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Shooting

“Aeon”, Bristol: eternity

Aeon Electronic Protection Systems "Aeon Electronic Protection Systems" burglar alarm, Bristol • Now we move on to astronomical time, literally - the term "aeon" has been used to describe the period between big bangs, though to the ancient Greeks it meant simply eternity. All that and a crosshair too. • Spotted: Royal Oak Avenue, Bristol, Avon, BS1, England, 2012 • Politics: In the Liberal Democrat constituency of Bristol West
“Aeon”, Bristol: eternity

“Wilton Alarms”, Islington: registration marks

Wilton Alarms "Wilton Alarms" burglar alarm, Islington • This definitely looks like a gun sight's crosshairs, though if I'm honest it also resembles the registration marks printers use to help line up their plates correctly. On the website of Wilton Alarms, the Dorking-based firm explain they're now known as Wilton Security Systems. Luckily they still retain this logo, so I narrowly escaped confusing them with Wilton Alarm Systems of Wilton in Salisbury,  whose unmistakable rapier-wielding wasp is one of my favourite sounder designs, as featured here. • Spotted: Wharfdale Road, Islington, London, N1, England, 2010 • Politics: In the Labour constituency of Islington South and Finsbury
“Wilton Alarms”, Islington: registration marks

“Trade”, Camden: crosshairs

Trade Security Systems Plc "Trade Security Systems Plc" burglar alarm, Camden • This is a funny old logo. It's a bit hard to make out, as one of the colours has faded, and I'm not really sure what the design is meant to signify. However the thing it resembles most to me is the crosshairs of a gun sight, so into the "shooting" theme it goes. • Spotted: Warren Street, Camden, London, W1, England, 2012 • Politics: In the Labour constituency of Holborn and St Pancras
“Trade”, Camden: crosshairs

“Sector Guard”, Southwark: targeting

Sector Guard Fire & Security Systems "Sector Guard Fire & Security Systems" burglar alarm, Southwark • A successor to yesterday's Sector Alarm, this still targets felons with crosshairs, albeit a smaller radar sweep. Inclusion of that ever-poular burglar alarm word, "Guard", is another nod in the direction of the military. • Spotted: Blackfriars Road, Southwark, London, SE1, England, 2010 • Politics: In the Liberal Democrat constituency of Bermondsey and Old Southwark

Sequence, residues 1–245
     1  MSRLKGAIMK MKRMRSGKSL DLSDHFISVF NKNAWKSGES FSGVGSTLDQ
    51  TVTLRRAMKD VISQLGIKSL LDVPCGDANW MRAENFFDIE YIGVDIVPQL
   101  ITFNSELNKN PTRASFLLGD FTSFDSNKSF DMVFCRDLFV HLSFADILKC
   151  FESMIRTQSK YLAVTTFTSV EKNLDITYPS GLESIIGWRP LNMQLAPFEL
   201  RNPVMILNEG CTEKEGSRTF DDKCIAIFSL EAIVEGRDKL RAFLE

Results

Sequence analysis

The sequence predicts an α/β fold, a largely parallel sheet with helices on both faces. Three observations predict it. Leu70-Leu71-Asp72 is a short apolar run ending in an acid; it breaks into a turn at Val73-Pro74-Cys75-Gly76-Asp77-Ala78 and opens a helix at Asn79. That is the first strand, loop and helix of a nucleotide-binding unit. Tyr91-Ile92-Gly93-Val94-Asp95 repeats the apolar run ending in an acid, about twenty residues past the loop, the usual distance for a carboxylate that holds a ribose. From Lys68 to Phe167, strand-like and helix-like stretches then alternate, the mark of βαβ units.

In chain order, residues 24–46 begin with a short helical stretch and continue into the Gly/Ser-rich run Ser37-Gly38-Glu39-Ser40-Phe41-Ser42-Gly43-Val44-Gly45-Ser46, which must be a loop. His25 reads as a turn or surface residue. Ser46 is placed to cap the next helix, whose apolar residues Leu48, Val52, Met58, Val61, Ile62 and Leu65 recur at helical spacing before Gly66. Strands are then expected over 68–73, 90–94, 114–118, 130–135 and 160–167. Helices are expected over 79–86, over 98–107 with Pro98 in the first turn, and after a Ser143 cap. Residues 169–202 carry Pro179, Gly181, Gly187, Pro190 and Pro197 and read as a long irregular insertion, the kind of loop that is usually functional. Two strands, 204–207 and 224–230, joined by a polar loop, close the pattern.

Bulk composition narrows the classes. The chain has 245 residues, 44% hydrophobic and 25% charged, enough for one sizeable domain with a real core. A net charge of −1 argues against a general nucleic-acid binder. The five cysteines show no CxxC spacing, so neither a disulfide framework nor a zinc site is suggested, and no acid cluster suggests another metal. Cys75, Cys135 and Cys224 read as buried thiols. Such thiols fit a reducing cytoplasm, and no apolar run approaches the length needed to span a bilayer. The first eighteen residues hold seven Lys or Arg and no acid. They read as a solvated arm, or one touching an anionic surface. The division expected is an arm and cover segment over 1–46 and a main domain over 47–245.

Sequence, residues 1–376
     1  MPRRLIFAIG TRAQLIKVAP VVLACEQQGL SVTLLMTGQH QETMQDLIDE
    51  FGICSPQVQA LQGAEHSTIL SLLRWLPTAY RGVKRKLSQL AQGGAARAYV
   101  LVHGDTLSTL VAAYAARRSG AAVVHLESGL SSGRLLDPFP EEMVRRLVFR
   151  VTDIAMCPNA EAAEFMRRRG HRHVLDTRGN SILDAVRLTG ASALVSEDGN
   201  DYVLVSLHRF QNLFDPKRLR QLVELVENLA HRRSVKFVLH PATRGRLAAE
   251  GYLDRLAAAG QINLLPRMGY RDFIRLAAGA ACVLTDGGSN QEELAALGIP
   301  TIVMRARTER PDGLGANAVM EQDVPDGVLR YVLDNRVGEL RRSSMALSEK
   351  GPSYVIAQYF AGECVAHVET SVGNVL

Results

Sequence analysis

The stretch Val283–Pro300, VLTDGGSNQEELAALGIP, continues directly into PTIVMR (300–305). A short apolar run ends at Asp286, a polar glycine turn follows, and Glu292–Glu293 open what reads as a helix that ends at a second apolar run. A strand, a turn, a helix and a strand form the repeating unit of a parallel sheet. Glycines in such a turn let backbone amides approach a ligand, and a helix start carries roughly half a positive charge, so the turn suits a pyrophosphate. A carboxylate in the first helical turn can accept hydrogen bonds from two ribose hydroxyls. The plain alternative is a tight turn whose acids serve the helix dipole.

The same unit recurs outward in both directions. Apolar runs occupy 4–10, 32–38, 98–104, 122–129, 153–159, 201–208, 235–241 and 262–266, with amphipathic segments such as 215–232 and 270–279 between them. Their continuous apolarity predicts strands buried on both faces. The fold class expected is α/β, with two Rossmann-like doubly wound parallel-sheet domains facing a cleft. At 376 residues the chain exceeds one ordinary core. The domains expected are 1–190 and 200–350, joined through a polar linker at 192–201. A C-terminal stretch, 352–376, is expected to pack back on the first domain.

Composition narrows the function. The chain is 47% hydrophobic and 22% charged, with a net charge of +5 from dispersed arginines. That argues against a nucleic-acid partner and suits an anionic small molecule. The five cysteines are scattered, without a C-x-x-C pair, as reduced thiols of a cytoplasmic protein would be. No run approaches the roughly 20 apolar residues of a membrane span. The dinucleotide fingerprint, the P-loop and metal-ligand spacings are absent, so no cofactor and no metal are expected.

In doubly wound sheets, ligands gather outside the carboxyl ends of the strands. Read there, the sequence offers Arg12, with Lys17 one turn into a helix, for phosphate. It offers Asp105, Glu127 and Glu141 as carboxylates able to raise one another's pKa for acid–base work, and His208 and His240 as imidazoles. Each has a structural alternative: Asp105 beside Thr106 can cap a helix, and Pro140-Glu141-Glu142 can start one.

“Sector Guard”, Southwark: targeting

“Hunter”, Lambeth: art shoot

Hunter "Hunter" burglar alarm, Lambeth • What do hunters do? They shoot things. I rest my shooting-related case. Incidentally, I found this burglar alarm on the side of one of Damian Hirst's many studios, the one where teams of assistants used to make spot paintings for him. He's now had the entire road closed down (thanks, Dame, now I have to make a massive detour!) while the building is turned, at vast expense, into a swanky art gallery and restaurant. So the burglar alarm is no more. • Spotted: Newport Street, Lambeth, London, SE11, England, 2011 • Politics: In the Labour constituency of Vauxhall
“Hunter”, Lambeth: art shoot

“Marksman”, Bristol: take aim

Marksman Security Ltd "Marksman Security Ltd" burglar alarm, Bristol • Today I start a brief and brutal run of shooting-related sounder designs, both deliberate and coincidental. The word "marksman" is a fairly unambiguous reference to firearms, as are the target-like soundwaves (if that's what they are)... so, take aim! • Spotted: Broad Street, Bristol, Avon, BS1, England, 2011 • Politics: In the Liberal Democrat constituency of Bristol West
“Marksman”, Bristol: take aim

“Sensormatic”, Hackney: pilfering fingers

"Sensormatic" burglar alarm, Hackney • We've had a few threatening hands, and now here's a technical one. I'll give Sensormatic the benefit of the doubt, and assume that the crosshairs refer to some form of sensing equipment, rather than the ability to shoot pilferers through the hand. • Spotted: Mare Street, Hackney, London, E8, England, 2010 • Politics: In the Labour constituency of Hackney South and Shoreditch
“Sensormatic”, Hackney: pilfering fingers